Tanya Kucak/Special to the Town Crier
A lady beetle, the iconic beneficial, patrols a manzanita in early spring, almost blending into the manzanita berries.
The more closely you look at a healthy garden, the more likely you are to notice the plethora of insects and spiders that keep it in balance. Take a close-up picture of a flower, and when you look at the photo on a bigger screen, don’t be surprised if someone you hadn’t noticed is lurking.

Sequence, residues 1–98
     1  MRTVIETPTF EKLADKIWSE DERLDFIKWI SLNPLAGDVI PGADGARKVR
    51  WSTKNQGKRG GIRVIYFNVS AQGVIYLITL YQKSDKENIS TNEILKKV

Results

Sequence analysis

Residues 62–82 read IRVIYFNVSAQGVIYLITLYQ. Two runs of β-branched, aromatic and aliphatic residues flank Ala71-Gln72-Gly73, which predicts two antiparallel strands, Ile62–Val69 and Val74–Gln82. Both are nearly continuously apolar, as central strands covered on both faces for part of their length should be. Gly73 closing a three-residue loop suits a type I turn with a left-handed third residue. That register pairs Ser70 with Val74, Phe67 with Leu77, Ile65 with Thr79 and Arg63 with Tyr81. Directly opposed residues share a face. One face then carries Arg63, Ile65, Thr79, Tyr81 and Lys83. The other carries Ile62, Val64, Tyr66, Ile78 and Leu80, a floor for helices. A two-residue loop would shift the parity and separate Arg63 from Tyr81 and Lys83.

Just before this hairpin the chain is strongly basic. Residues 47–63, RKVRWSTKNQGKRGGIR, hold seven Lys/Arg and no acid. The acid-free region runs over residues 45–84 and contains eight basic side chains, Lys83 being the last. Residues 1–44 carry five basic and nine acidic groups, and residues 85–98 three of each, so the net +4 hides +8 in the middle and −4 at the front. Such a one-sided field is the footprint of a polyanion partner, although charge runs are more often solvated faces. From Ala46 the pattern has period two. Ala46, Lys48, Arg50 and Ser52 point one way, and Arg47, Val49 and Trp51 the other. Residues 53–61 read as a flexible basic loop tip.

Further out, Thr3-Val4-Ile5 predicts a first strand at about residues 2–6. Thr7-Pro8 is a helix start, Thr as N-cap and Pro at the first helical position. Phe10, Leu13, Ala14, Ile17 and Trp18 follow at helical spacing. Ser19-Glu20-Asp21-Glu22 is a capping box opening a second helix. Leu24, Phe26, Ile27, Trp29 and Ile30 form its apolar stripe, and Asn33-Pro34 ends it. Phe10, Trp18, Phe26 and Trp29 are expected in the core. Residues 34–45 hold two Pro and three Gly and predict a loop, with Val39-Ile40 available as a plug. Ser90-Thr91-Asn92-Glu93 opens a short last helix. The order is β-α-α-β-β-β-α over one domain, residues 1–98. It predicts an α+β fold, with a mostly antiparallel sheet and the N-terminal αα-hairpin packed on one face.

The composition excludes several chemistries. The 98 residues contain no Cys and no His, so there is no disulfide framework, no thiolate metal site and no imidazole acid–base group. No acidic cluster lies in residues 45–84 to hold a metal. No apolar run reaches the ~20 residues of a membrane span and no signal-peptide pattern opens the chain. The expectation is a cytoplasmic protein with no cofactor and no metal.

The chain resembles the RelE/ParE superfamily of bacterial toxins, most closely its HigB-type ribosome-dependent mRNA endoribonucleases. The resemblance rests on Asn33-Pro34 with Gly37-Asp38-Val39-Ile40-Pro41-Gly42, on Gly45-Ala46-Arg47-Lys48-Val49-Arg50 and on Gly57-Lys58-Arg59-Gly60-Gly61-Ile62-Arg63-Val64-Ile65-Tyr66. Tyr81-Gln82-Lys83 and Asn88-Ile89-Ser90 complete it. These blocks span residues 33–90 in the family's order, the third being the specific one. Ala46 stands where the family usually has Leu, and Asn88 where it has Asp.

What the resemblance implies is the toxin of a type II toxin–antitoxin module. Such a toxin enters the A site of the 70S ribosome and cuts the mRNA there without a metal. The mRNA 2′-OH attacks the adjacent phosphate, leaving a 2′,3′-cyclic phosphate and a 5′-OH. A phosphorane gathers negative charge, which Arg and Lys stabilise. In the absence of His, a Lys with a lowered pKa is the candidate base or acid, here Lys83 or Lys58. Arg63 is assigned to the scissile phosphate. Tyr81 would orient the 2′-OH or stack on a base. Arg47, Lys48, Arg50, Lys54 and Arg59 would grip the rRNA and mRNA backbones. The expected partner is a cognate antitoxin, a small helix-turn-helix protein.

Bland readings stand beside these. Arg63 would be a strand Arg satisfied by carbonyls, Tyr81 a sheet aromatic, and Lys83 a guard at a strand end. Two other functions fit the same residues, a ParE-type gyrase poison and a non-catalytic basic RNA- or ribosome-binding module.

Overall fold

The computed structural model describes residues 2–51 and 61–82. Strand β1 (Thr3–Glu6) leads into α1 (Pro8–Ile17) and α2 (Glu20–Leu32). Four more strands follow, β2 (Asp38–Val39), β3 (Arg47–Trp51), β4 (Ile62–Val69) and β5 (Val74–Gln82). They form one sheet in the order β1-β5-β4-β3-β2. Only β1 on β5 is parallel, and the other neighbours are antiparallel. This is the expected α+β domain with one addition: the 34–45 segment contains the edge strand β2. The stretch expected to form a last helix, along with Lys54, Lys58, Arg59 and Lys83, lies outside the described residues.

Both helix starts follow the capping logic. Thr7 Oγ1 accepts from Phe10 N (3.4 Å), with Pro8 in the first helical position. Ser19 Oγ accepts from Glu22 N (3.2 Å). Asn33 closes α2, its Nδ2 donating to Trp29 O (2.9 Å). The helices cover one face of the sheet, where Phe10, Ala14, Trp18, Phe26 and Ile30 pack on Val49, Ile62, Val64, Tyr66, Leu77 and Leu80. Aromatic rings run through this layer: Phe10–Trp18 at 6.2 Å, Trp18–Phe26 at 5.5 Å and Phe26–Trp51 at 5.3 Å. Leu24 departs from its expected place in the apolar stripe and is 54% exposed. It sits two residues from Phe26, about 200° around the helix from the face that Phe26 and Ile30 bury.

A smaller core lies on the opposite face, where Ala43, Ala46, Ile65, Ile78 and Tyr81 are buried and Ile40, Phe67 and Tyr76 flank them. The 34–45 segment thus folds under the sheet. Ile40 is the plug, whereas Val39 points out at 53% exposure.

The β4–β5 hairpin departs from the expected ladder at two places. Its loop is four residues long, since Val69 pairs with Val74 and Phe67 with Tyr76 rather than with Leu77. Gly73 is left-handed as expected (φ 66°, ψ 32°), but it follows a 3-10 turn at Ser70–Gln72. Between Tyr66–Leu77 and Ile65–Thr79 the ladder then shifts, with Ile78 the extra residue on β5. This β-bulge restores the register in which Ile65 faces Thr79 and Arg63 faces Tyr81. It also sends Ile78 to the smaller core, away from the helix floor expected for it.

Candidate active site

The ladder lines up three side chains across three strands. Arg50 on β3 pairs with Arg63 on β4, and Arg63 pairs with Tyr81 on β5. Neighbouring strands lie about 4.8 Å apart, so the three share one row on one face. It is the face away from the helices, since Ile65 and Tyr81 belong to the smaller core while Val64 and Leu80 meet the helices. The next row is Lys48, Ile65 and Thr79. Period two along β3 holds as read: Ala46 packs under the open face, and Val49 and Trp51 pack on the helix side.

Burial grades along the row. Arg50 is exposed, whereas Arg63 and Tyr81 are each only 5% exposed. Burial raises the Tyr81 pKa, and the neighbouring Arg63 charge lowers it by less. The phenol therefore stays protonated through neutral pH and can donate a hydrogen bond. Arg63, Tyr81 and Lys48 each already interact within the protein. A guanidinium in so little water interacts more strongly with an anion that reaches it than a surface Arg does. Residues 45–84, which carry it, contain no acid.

A healthy garden needs beneficial insects and spiders to pollinate, control insects that damage plants and aid decomposition. Of the million species of insects, approximately 99% are beneficial or benign.